COLUMBIA, S.C. (AP) — Several members of the board of an electric cooperative in South Carolina whose customers pay some of the highest electric rates in the state made more than $50,000 by holding 50 meetings in a year, according to tax records.
Many meeting of the Tri-County Electric Co-Op board lasted less than an hour, allowing some board members to collect the $450-a-day allowance for meetings at a nearly once-a-week-rate, according to the records obtained by The State newspaper .
Seven of the co-op’s nine members made at least $45,000 in 2016, the exceptions being members Barry Hutto and Jeff Reeves, who both resigned. A national trade group says board members at other South Carolina co-ops make around $28,000 a year and the national average is about $15,000.
“I saw that there was no way we were going to change the mentality of that board by being on it,” said Hutto, a 10-year Tri-County board member.
Most Read Nation & World Stories
- Analysis: French anger shifts from pension law to focus on Macron
- Sports on TV & radio: Local listings for Seattle games and events
- COVID's still out there. Here's what to do if you get it now.
- Should you get another COVID booster?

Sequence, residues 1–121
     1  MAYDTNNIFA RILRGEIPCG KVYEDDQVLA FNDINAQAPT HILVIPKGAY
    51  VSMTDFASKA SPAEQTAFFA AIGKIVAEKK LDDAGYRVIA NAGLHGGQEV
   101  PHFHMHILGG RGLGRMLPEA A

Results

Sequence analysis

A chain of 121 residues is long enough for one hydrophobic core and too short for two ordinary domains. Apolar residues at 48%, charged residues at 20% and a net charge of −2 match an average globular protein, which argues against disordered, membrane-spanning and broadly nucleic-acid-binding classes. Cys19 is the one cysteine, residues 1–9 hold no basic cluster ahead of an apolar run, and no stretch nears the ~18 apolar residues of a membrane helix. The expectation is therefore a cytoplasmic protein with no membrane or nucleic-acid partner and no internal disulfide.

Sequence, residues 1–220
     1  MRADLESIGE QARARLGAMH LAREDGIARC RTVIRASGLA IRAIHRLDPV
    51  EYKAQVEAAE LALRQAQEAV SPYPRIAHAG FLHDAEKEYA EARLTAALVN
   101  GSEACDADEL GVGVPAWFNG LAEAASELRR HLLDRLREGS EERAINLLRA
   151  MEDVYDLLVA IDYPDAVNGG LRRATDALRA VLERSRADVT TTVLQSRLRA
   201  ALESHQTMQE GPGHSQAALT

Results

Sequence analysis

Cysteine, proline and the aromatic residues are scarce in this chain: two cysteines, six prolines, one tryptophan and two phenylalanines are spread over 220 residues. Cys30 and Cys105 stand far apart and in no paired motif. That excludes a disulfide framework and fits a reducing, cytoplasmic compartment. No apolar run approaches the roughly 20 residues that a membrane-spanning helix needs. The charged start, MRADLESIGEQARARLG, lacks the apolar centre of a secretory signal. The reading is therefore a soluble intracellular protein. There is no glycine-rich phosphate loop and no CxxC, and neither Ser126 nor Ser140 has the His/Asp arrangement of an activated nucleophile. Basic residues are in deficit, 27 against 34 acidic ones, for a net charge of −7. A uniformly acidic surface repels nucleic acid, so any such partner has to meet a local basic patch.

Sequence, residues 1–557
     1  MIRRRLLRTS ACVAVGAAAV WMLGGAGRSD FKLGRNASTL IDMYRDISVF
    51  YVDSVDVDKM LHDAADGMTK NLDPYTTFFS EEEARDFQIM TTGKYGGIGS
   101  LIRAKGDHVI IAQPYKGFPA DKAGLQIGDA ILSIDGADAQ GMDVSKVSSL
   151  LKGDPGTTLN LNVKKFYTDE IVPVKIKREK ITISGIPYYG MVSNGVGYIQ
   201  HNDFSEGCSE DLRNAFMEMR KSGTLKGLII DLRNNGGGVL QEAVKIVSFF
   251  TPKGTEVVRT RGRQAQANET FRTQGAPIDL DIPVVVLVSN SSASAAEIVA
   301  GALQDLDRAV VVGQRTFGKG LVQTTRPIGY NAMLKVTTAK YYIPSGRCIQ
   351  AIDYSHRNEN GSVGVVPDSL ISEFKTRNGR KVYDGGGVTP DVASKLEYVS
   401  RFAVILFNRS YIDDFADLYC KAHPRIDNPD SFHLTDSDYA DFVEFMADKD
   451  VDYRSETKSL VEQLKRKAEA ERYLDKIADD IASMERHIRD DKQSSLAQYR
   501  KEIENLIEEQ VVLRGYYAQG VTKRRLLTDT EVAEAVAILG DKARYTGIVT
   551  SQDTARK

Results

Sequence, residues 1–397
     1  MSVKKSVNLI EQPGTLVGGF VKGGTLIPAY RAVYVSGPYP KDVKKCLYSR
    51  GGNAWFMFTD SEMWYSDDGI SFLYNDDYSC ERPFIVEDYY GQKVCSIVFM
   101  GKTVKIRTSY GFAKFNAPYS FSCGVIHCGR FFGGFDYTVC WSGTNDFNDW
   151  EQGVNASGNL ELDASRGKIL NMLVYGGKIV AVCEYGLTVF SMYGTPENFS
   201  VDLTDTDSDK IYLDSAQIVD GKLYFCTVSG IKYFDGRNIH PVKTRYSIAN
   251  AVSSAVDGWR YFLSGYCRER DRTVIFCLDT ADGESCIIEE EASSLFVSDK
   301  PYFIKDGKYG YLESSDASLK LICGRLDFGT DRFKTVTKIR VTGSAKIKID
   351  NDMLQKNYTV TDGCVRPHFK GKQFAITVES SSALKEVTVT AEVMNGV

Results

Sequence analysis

- Stolen valor: The U.S. volunteers in Ukraine who lie, waste and bicker
Members of the state-owned utility Santee Cooper board make $10,000 a year. Santee Cooper provides most of Tri-County’s power.
Tri-County has 13,600 customers in parts of Calhoun, Orangeburg, Richland, Lexington, Kershaw and Sumter counties. They pay some of the highest electric rates in the state — about 15.2 cents per kilowatt hour, which is higher than South Carolina Electric & Gas rates.
Board Chairman Heath Hill made $79,000 from the co-op in 2016. He referred all questions from the newspaper to Tri-County Chief Executive Chad Lowder.
Lowder said Tri-County customers pay higher rates because the co-op has a large area to cover and not as many customers.
“Anywhere we can find savings is going to reduce our costs,” Lowder said. “Everything goes to the bottom line.”
The co-op proposed changing its pay policy after a national association pointed out the disparity. But several members argued against the new rules and they were rejected by 30 votes out of 2,120 cast by co-op customers at the utility’s annual meeting last week.
Some Tri-County Co-Op board members also get health insurance through the utility, which adds to the board’s compensation.
While some Tri-County board members reported attending up to 50 meetings a year, Mid-Carolina Electric, which borders Tri-County to the west, typically holds no more than 14 meetings a year, according to its chief executive, Bob Paulling.
Carl Weeks, who was on the Tri-County board a decade ago, said the trustees did not meet as often when he was on the board. Weeks said he made about $24,000 for his work.
“They’re trying to make a living on the co-op,” Weeks said. “It’s about as clean as you can put it out there. The bylaw changes would have been great.”
Information from: The State, http://www.thestate.com